Subsection 294(3) of the Act provides that the Minister may give written directions to the ACMA about the matters dealt with in determinations. Subsection 294(3) lists three examples of things that a ministerial direction could cover. The list is intended to be inclusive, rather than exhaustive. For the avoidance of doubt, an additional example is to be included in subsection 294(3) which makes it clear that a direction by the Minister to the ACMA relating to a spectrum access charges, payable by a person to whom a specified spectrum licence is issued or reissued reflects the value of the spectrum that the Minister considers to be appropriate.
Objectives of government action
The broad policy objectives of spectrum management, based on the objects of the Act, include maximising the overall public benefit from use of the spectrum, providing a responsive and flexible approach to meeting the needs of spectrum users, and encouraging the use of efficient radiocommunications technologies.
The specific aims of this proposal are to:
â provide sufficient flexibility in the legislation to ensure the most efficient and effective use of the radiofrequency spectrum by providing for the ACMA to authorise sharing technologies that will not cause harmful interference to the primary service; and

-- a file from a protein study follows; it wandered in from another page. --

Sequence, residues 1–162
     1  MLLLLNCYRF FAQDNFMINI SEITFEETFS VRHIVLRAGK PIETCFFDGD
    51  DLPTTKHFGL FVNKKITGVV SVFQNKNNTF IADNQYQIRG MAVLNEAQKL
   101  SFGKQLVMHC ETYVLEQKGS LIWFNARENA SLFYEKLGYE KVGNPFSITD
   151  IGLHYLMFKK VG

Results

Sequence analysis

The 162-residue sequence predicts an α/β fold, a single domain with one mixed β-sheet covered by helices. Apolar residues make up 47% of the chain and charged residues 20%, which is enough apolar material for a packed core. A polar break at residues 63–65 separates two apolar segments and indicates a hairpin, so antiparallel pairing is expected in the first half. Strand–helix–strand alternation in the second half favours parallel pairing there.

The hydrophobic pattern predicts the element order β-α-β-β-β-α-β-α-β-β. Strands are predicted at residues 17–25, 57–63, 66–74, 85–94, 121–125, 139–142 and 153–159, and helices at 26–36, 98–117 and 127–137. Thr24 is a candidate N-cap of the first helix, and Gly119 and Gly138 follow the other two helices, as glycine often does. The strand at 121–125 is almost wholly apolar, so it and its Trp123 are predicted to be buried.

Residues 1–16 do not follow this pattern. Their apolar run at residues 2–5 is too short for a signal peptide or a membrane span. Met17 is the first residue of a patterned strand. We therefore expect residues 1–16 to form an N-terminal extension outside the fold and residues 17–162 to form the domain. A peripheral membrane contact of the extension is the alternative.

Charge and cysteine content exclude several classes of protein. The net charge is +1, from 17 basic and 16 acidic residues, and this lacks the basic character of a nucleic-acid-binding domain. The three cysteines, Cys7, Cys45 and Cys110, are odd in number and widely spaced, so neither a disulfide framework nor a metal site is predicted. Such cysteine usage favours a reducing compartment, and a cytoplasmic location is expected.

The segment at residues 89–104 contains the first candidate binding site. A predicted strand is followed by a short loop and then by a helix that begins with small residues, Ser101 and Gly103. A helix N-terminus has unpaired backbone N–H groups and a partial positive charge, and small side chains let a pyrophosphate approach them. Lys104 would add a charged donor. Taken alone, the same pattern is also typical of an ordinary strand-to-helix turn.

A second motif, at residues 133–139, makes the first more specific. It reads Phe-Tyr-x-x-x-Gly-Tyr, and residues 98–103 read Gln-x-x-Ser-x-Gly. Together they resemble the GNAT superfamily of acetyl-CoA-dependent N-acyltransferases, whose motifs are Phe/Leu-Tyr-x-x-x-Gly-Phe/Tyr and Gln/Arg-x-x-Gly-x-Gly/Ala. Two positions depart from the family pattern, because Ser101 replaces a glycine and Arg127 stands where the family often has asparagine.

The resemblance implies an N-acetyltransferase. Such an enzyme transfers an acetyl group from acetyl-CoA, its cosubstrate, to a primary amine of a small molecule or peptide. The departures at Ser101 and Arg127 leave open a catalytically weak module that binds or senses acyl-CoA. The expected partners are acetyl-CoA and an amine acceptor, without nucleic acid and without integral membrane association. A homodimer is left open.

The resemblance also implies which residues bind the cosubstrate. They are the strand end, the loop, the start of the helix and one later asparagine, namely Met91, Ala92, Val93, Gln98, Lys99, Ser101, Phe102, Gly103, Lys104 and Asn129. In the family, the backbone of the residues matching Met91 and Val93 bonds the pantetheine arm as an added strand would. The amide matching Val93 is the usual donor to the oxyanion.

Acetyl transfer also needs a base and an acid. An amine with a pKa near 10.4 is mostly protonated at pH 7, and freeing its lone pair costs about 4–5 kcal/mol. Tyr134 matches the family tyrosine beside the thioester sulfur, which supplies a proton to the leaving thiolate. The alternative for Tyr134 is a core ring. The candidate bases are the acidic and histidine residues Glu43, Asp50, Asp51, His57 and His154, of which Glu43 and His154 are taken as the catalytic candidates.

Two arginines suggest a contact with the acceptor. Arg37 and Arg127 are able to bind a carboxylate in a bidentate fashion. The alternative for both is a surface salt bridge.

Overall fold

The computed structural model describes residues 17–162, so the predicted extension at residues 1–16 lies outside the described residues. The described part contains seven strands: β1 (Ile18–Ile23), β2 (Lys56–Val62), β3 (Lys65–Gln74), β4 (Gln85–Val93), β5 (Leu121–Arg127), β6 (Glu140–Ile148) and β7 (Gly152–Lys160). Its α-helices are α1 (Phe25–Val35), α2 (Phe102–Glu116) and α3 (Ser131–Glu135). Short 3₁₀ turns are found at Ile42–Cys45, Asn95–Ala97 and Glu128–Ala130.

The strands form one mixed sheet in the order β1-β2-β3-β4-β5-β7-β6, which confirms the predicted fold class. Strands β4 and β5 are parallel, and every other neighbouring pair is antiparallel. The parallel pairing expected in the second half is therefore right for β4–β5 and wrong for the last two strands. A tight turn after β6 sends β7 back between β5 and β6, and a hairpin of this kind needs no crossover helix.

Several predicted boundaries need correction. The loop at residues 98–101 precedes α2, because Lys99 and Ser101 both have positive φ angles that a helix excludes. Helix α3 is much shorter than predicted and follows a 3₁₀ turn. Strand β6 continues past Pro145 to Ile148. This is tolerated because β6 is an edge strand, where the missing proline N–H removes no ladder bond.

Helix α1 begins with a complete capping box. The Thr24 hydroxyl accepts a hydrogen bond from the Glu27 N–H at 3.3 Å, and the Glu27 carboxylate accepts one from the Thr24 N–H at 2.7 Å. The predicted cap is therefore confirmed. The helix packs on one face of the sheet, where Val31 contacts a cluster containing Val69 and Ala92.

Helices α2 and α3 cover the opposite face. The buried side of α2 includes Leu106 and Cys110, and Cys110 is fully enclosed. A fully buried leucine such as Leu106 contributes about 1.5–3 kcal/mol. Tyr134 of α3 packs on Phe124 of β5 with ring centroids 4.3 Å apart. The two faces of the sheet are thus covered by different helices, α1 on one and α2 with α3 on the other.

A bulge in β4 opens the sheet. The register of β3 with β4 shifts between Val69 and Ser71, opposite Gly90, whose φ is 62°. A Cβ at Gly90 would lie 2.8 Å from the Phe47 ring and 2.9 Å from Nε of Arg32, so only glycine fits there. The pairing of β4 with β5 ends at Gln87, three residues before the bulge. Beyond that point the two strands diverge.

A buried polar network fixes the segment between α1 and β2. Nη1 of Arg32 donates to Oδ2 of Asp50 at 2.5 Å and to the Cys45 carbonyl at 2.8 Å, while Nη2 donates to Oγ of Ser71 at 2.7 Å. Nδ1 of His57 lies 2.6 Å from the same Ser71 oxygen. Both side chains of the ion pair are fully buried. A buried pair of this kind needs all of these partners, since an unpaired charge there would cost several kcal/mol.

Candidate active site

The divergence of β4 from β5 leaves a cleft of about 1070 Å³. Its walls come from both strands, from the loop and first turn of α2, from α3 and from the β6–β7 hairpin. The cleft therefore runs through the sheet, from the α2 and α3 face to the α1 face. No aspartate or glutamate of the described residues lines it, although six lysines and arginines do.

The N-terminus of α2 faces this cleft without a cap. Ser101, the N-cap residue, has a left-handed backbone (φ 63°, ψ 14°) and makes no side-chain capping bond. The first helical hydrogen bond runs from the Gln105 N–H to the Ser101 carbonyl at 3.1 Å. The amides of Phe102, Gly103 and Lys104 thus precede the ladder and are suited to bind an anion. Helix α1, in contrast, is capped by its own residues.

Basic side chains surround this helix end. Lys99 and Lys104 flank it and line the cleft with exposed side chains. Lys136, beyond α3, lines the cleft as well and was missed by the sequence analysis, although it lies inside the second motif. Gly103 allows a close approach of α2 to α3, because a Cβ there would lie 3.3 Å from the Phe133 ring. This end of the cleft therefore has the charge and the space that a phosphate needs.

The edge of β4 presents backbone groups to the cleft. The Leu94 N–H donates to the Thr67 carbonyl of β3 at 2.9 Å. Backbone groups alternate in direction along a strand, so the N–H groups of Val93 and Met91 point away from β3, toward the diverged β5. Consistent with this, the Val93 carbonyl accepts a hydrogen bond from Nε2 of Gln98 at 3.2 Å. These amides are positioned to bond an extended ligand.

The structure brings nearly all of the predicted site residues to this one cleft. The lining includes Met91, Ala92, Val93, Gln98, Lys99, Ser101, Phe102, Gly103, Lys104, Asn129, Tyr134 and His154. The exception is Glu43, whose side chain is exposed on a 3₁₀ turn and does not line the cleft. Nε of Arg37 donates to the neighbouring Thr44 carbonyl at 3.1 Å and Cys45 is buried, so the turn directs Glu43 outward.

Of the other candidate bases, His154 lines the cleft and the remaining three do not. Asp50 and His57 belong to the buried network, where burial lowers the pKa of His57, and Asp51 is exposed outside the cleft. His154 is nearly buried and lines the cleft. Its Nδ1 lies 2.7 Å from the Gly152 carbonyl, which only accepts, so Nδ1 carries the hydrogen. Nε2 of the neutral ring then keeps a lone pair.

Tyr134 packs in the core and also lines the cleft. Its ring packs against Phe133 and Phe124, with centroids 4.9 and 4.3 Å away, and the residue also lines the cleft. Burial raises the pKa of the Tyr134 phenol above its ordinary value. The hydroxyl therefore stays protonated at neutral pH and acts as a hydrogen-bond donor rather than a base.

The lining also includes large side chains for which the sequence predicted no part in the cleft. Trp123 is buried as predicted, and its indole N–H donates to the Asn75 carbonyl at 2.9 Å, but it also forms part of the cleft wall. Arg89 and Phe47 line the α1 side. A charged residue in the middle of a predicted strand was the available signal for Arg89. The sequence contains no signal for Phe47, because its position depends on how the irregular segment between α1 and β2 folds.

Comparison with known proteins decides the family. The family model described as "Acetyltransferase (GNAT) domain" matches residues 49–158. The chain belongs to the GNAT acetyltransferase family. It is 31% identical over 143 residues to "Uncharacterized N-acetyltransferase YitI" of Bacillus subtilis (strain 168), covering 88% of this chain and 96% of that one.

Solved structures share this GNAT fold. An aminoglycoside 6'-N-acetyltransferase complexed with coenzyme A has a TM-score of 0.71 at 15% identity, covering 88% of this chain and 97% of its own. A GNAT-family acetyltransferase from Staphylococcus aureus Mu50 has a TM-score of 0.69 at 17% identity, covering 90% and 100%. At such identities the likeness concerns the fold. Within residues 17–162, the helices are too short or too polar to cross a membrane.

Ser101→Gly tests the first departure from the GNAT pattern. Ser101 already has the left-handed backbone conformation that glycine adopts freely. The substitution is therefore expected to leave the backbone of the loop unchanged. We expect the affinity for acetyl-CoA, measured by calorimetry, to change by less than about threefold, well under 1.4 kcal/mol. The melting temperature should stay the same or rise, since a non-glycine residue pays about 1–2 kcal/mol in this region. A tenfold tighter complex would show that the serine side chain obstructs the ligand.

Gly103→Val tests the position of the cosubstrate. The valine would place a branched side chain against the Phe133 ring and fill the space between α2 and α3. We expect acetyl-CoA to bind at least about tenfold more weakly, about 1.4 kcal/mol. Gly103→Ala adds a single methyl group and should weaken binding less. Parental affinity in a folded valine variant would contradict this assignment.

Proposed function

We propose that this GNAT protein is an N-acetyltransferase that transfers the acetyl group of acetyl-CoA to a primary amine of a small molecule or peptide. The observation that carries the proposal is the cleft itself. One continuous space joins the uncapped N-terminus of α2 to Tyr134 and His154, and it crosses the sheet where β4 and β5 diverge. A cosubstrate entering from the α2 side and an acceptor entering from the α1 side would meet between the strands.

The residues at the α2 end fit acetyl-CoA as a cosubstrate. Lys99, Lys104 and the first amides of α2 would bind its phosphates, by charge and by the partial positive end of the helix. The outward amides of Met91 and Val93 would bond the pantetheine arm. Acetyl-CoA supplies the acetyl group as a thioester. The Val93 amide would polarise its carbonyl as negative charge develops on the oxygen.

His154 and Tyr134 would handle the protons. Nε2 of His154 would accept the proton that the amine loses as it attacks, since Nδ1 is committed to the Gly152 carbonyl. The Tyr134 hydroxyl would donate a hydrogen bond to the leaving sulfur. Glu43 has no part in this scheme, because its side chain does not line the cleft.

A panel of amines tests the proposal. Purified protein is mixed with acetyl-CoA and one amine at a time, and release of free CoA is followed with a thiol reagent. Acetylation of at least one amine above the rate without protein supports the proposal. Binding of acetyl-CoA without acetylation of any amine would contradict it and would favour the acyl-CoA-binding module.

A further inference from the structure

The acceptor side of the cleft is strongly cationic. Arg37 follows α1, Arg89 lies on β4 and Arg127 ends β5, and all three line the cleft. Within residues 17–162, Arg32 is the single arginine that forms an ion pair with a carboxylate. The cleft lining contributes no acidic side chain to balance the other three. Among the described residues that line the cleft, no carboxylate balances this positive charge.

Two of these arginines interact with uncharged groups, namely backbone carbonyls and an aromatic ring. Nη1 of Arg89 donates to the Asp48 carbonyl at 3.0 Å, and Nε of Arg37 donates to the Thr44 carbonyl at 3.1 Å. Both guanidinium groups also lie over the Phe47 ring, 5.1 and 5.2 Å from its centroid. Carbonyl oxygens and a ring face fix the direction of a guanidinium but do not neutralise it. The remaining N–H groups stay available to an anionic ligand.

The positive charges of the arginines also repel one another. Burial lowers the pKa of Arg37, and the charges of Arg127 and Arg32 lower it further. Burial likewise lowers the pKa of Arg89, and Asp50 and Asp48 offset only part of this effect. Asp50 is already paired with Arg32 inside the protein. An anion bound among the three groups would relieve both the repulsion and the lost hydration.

â maintain sufficient certainty for spectrum licensees so that investment and service quality can be maintained by removing the reissue timing restrictions in sections 78 and 79 of the Act.
Option 1 - Status Quo
No change to the legislation. This option does not achieve the objectives of Government action.
Maintaining the status quo relating to section 138 of the Act will result in delays in the adoption of future spectrum sharing technologies such as UWB and cognitive radio which increase the efficiency of spectrum use and provide new service to consumers. In addition, the status quo does not enable the ACMA to allocate the radiofrequency spectrum in the most effective way, which is inconsistent with the objectives of the Act.